Entertainment

The Tragically Hip: Rating all of the band's studio albums

By Darryl Sterdan, Special to Postmedia Network

Members of The Tragically Hip (left to right) Gord Sinclair, Paul Langlois, Gord Downie, Johnny Fay and Rob Baker are shown in a handout photo.

Members of The Tragically Hip (left to right) Gord Sinclair, Paul Langlois, Gord Downie, Johnny Fay and Rob Baker are shown in a handout photo.

With Gord Downie and The Tragically Hip now out on what could be their final tour, there’s no better time to rewind their studio catalogue:

The Tragically Hip EP (1987)

Humble origins with the seeds of greatness. The former is found in the raw basement-band jangle-rock; the latter in Downie’s manic energy, idiosyncratic lyrics and baritone bray.

HIGHLIGHTS: Small Town Bringdown; Highway Girl; Last American Exit

RATING: 3 (out of 5)

Up to Here (1989)

“They shot a movie once in my hometown.” A classic opening line — followed by a great disc that showcases sharper, tighter songwriting and a southern roots-rock and blues vibe.

HIGHLIGHTS: Blow at High Dough; New Orleans Is Sinking; 38 Years Old

RATING: 3.5 (out of 5)

Road Apples (1991)

Word is they wanted to call it Saskadelphia. Between all the twin-guitar twang, swaggering grooves and Gord’s increasingly enigmatic work, Albertassippi would also have worked.

HIGHLIGHTS: Little Bones; Three Pistols; On the Verge

RATING: 3.5 (out of 5)

Fully Completely (1992)

It all comes together here. Both Downie and the band refine their approach, find home-grown artistic voices, and create a virtually flawless work of Canadiana in the process.

HIGHLIGHTS: Locked in the Trunk of a Car, Fifty Mission Cap, Courage (For Hugh MacLennan), At the Hundredth Meridian, Looking for a Place to Happen

RATING: 5 (out of 5)

Day for Night (1994)

The Hip go deep. Darker, more poignant and slow-burning than its predecessors, the band’s longest release eschews commerciality to explore new sonic and creative horizons.

HIGHLIGHTS: Grace, Too; Nautical Disaster; Inevitability of Death

RATING: 4 (out of 5)

Trouble at the Henhouse (1996)

“The blues are still required,” sings Gord. Indeed. Trouble continues the introspective, investigative nature of its predecessor, as evident in biggest hit Ahead by a Century.

HIGHLIGHTS: Ahead by a Century; Gift Shop; Springtime in Vienna

RATING: 3.5 (out of 5)

Phantom Power (1998)

Slightly more power than phantoms. Crisper and more focused songs, stronger melodies and a renewed sense of energy help the band close out the ’90s on a strong high note.

HIGHLIGHTS: Bobcaygeon; Thompson Girl; Escape is at Hand for the Travellin’ Man; Poets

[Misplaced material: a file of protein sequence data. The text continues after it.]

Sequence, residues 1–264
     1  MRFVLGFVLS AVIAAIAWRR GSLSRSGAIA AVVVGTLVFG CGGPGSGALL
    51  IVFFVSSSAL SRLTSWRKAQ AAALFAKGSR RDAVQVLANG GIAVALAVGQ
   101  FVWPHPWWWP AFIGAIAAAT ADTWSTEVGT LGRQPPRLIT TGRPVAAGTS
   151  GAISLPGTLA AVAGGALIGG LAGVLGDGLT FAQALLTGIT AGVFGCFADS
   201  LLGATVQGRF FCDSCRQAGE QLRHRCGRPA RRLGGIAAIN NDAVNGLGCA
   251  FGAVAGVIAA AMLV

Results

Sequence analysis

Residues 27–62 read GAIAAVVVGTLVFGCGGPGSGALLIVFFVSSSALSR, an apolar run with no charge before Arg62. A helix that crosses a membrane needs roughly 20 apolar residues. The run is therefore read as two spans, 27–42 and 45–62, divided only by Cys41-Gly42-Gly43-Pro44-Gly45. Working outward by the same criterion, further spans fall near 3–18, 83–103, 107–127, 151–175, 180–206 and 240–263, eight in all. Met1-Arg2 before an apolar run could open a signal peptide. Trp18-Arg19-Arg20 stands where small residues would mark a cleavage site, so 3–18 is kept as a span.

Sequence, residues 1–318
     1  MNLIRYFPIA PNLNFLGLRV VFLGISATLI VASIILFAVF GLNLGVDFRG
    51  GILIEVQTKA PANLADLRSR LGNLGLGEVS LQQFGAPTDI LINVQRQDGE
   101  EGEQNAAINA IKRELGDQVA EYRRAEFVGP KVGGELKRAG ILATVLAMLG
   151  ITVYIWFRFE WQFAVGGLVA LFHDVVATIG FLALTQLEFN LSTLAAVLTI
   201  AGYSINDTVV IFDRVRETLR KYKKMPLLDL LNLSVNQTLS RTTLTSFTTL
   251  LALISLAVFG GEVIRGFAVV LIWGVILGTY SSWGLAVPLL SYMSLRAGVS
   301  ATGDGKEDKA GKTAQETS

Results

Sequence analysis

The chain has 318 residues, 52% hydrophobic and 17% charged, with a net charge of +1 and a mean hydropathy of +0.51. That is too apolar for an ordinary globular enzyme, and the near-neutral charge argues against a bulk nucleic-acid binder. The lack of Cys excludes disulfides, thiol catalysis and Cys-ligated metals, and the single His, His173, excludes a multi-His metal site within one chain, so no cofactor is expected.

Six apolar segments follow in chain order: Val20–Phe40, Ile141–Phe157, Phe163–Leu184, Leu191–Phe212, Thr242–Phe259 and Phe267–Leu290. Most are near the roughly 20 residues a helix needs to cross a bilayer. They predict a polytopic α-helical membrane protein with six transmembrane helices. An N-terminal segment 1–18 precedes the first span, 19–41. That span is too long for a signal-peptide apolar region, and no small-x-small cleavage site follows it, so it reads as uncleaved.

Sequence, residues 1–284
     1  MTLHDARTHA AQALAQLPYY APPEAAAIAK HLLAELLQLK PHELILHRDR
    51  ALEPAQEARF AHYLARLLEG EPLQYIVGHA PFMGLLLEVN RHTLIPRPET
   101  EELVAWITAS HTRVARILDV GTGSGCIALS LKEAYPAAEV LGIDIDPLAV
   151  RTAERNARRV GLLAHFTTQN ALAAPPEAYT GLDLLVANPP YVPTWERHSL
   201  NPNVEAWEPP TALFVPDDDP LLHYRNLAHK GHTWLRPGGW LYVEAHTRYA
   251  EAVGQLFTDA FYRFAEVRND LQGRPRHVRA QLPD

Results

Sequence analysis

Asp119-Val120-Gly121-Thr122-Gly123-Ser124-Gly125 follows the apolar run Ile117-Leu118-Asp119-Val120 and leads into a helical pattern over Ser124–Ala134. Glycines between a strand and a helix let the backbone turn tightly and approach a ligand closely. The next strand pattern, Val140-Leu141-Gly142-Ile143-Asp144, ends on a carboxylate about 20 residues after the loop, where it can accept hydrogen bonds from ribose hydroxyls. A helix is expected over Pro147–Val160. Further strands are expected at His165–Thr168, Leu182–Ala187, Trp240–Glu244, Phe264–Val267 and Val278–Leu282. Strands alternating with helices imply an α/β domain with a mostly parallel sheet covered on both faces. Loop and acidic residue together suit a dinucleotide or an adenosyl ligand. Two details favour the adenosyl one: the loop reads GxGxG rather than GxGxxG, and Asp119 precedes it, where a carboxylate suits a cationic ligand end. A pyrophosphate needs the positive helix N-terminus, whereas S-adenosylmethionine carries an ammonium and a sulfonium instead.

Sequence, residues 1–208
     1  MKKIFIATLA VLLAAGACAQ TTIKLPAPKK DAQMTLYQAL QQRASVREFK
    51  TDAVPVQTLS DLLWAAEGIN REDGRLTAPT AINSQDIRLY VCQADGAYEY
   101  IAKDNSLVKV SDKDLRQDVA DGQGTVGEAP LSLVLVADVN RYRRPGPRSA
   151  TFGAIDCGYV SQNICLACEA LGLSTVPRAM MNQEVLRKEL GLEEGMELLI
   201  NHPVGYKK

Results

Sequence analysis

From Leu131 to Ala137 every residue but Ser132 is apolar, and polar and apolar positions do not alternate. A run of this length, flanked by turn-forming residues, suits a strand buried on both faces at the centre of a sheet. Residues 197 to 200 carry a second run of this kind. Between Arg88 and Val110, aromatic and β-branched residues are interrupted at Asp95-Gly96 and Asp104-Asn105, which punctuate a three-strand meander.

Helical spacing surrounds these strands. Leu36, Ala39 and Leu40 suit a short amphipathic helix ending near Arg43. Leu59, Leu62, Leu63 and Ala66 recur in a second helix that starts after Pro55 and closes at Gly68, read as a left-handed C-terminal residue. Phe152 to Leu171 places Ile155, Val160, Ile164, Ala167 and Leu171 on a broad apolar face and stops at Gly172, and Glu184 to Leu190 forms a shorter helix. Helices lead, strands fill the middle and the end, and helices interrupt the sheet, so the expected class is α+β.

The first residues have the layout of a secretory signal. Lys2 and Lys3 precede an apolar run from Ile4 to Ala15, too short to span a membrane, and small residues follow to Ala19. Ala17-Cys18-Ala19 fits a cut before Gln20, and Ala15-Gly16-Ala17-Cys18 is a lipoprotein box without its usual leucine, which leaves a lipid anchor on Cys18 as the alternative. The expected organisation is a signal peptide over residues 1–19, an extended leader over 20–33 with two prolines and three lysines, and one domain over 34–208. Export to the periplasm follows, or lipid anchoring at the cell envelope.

RATING: 4 (out of 5)

Music @ Work (2000)

Hey, they can’t all be classics. Offering few standouts and fewer hits (save the title single), this forgettable offering is basically Tragically Hip by the numbers. A rare stumble.

HIGHLIGHTS: My Music at Work; Tiger the Lion; Freak Turbulence

RATING: 3 (out of 5)

In Violet Light (2002)

The good news: It’s slightly more inspired and intriguing than its predecessor. The bad news: It’s a front-loaded set that’s still a long way from the band’s classic mid-’90s form.

HIGHLIGHTS: Are You Ready; ‘It’s a Good Life if You Don’t Weaken’; Silver Jet

RATING: 3.5 (out of 5)

In Between Evolution (2004)

It may not be evolution, but it’s a step in the right direction. The band’s slow creative upswing continues, thanks to a handful of energized cuts and Stonesy rockers.

HIGHLIGHTS: Vaccination Scar; Heaven is a Better Place Today; Gus: The Polar Bear from Central Park

RATING: 3.5 (out of 5)

World Container (2006)

And we’re back! Superstar producer Bob Rock helps the band turn in their biggest, boldest, brightest and sharpest disc in nearly a decade — and their poppiest single in In View

HIGHLIGHTS: In View; The Lonely End of the Rink; Yer Not the Ocean

RATING: 4 (out of 5)

We Are the Same (2009)

Well, yes and no. Instead of continuing World Container’s momentum, the Hip head in the opposite direction with quieter and prettier songs, fuelled by acoustic guitars and strings.

HIGHLIGHTS: Morning Moon; Love is a First; Speed River

RATING: 3 (out of 5)

Now for Plan A (2012)

Back to Square 1 would also do. The band’s shortest disc finds them resurrecting the scrappy rock and wiry jangle of old while retaining some of their more recent dusky intimacy.

HIGHLIGHTS: At Transformation; Streets Ahead; Man Machine Poem

RATING: 3.5 (out of 5)

Man Machine Poem (2016)

Written and recorded before Downie’s diagnosis and artfully produced, the Hip’s 14th (and perhaps final) studio release is a masterpiece of dark beauty and sonic adventurousness.

HIGHLIGHTS: In a World Possessed by the Human Mind; Hot Mic; Great Soul

RATING: 4 (out of 5)

Twitter: @darryl_sterdan

dsterdan@postmedia.com